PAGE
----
People are frustrated. The news is abuzz with it. This past year has brought us stories of how ordinary people all over the world are getting fed up with those who seem to be making all the decisions that affect our lives.
Although the issues are not identical everywhere, big governments and big corporations have been making decisions which affect our livelihoods and the very planet. Power seems to be on the side of those with money. And those who run things seem to be more concerned with profit than with what is best for the world.
Frustrations have been bubbling over everywhere in the world. From the Arab Spring to the unrest in Russia and in Greece, to the rumblings in China and elsewhere and, closer to home, to the Occupy Wall Street movement in the U.S. that has spread across North America, big cities and small towns alike, the little people are beginning to say they have had just about enough.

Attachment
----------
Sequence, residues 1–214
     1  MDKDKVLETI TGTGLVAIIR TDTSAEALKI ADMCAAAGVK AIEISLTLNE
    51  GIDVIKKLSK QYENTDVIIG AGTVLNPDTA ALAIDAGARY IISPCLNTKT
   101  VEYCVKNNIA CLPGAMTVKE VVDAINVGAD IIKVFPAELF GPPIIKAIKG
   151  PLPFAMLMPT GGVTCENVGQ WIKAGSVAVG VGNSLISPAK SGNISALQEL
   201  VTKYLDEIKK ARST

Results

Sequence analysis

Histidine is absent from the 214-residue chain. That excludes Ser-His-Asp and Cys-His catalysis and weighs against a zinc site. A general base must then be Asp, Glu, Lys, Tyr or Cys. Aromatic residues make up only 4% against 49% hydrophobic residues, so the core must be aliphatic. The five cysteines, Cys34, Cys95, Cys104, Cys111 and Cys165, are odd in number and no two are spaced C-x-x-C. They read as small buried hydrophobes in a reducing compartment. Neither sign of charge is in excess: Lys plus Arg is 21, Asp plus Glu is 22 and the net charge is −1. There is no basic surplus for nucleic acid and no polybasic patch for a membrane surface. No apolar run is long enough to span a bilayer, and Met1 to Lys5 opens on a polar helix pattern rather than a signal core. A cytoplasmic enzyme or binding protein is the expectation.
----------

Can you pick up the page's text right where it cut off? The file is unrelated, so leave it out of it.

Movements in the U.S. protesting this frustration have erupted from both the right and from the left of the political spectrum in recent history, as both the Tea Party movement and the anti-G-8 movement have testified. What's different about the Occupy Wall Street movement is that even people who are ordinarily not the protesting type -- the middle of the road types who tend to stick with the status quo -- are beginning to open their eyes to the evidence that can no longer be denied. It's difficult to argue that protests are the action of kooks when the economy is tanking and the bail-outs sponsored by government serve to only line the pockets of those who got us into trouble in the first place. Yes, the wheelings and dealings of the powerful are hitting close to home for the many.
Maybe things will improve and we will be looking back on these days with relief that it's over in a few years' time. But, again, maybe not. What's clear is that the divide between rich and poor has become deeper and unlikely to be bridged any time soon. The idea of the middle class may go the way of history if trends continue to go in the way they are headed.
Some people have looked at the absurdity of the present situation and used it to create satire. Though not funny deep down, it helps some of us to laugh to relieve the stress.
Here is a video from a quartet in Tamworth, New Hampshire. They have rewritten the lyrics of Handel's Alleluia Chorus to express the frustration they and so many others feel. Who said the Occupy Wall Street movement was the domain of big cities? Tamworth, New Hampshire is a town of 2556 people, small by many standards.